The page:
You can also try finding new friends by searching for local activities or using social media, like Twitter, Facebook groups, online communities or forums.

Talking about your condition or impairment with new people

You may also meet people through your impairment or condition. This could be through disability websites, charities, local groups or forums.

Some disabled people have found having friends with a condition or impairment is useful for sharing experiences and advice:

"It’s helpful to speak to or be friends with people who have the same condition. Knowing how they get around things and how they choose to explain their disability helped me. They can help support you with your non-disabled friends."

"Even if there’s no solution you can come to, knowing it’s not just you is really nice. It’s not you that’s the problem."

Talking about your needs

It can be difficult to talk to friends about your impairment or feeling excluded. You may not want to confront them and worry bringing it up might make things worse. Everyone is different and will do things in their own way.

Open conversations about feeling left out

Whether you decide to talk about feeling excluded will often depend on how close you are to your friends. You may prefer to suggest accessible activities instead of directly talking about being excluded.

Being honest with friends can be hard. You may feel that you should be included. You might also feel bad because you think finding ways around barriers is not a friend’s responsibility.

Try to avoid blame. Emotions can be high, especially as being left out can be upsetting, so aim to stay as calm as possible. Try to talk about how it feels when you’re excluded. Tell your friends what would help you. For example, choosing accessible restaurants or going to cinema viewings with subtitles.

Explain that there is usually a way around access issues. Try to help your friends see your condition or impairment as just an aspect of your life. If they do not want to help or make you feel bad about your access needs, that’s not a reflection on you.

The social model of disability

Talking to organisers and venues

Commercial places, like pubs, cinemas, venues, theatres and restaurants, usually have access information on their websites. Sometimes you will need to contact them too to make sure they will be able to meet your needs.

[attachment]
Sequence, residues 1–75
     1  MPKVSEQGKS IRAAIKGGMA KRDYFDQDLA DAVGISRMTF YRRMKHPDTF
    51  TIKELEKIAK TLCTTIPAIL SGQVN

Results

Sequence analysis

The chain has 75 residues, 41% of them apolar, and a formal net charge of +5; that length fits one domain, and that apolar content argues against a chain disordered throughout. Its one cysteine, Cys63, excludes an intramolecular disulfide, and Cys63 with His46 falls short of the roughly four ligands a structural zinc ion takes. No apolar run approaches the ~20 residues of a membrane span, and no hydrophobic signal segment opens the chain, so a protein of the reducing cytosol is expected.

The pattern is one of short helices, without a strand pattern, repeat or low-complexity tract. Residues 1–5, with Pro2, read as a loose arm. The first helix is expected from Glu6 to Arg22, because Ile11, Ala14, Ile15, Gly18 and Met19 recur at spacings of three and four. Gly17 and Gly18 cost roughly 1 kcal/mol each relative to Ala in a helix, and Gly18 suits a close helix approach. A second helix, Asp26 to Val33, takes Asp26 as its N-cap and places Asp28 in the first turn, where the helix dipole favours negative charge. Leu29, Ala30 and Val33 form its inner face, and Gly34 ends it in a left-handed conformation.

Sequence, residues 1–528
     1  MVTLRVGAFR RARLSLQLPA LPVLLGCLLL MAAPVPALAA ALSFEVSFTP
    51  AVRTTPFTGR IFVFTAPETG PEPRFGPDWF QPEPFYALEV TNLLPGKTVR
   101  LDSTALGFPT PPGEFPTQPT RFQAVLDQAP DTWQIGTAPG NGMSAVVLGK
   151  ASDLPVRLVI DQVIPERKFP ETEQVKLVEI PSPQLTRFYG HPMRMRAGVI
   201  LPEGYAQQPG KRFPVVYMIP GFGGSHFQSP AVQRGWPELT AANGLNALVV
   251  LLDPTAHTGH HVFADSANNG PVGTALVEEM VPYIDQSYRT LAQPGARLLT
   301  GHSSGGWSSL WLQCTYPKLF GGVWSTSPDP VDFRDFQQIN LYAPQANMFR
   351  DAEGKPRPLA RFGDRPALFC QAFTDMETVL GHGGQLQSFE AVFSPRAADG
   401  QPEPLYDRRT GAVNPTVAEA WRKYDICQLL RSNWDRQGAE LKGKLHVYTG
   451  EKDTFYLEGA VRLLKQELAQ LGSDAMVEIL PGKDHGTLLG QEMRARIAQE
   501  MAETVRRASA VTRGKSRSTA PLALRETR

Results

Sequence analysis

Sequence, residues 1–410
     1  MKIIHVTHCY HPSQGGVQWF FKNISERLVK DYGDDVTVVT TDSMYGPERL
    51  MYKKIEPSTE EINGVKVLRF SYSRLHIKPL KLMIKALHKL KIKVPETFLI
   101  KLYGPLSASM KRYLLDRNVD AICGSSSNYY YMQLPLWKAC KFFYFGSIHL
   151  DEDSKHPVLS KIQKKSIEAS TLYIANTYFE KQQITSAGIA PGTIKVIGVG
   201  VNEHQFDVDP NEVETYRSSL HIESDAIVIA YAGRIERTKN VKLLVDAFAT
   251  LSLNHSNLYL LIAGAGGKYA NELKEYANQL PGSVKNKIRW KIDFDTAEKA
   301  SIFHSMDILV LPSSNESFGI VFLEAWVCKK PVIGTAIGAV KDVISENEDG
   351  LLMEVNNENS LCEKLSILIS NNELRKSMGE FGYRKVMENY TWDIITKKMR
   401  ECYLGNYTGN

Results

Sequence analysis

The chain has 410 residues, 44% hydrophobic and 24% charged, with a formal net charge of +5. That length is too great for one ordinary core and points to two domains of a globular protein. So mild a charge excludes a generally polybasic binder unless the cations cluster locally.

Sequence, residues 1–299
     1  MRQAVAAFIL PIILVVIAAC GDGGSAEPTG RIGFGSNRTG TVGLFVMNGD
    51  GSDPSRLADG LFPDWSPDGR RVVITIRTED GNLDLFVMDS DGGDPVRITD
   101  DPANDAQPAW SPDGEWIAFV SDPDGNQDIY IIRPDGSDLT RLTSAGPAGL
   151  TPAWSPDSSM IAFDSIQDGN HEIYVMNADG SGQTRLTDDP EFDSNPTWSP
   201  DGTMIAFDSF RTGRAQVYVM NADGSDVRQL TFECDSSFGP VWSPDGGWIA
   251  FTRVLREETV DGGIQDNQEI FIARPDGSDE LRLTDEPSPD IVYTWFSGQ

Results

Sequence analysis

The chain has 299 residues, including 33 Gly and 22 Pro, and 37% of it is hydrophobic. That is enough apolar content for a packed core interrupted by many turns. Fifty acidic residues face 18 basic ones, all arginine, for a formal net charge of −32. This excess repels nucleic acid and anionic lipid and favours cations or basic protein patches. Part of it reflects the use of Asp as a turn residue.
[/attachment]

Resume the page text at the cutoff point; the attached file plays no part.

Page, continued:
Some places may not have information about accessibility but should find a way to help. Call or email to find out about what adjustments they can make.

Some places have information about their venue on social media. You could also try contacting them through their social accounts if you prefer to talk to them that way.

Asking for reasonable adjustments

Find accessible activities

These websites can help you find accessible activities.

Euan’s Guide has thousands of disabled access reviews and listings for places all over the UK and beyond.

Rough Guide to Accessible Britain offers a planning tool for anyone with access needs.

DisabledGo has detailed access information for the UK and Ireland. Venues include shops, pubs, restaurants, cinemas, theatres, railway stations, hotels, universities and hospitals.

Accessible Countryside includes pubs and restaurants.

Stay up late helps young adults who need support to go out and stay out late.

Get advice

It can help to get advice about awkward situations or other people’s attitudes.

Right to Participate: out and about offers advice on your rights when a place or service is not accessible.

Aiden speaks about his journey moving on from school.

End the Awkward: talking about disability shares things that have been said to disabled people with tips for non-disabled people on what they can say and should avoid. This advice could be useful when someone says these things to you and you’re not sure how to respond.

Talk to others on the Scope community.

Last reviewed by Scope on: 24/02/2021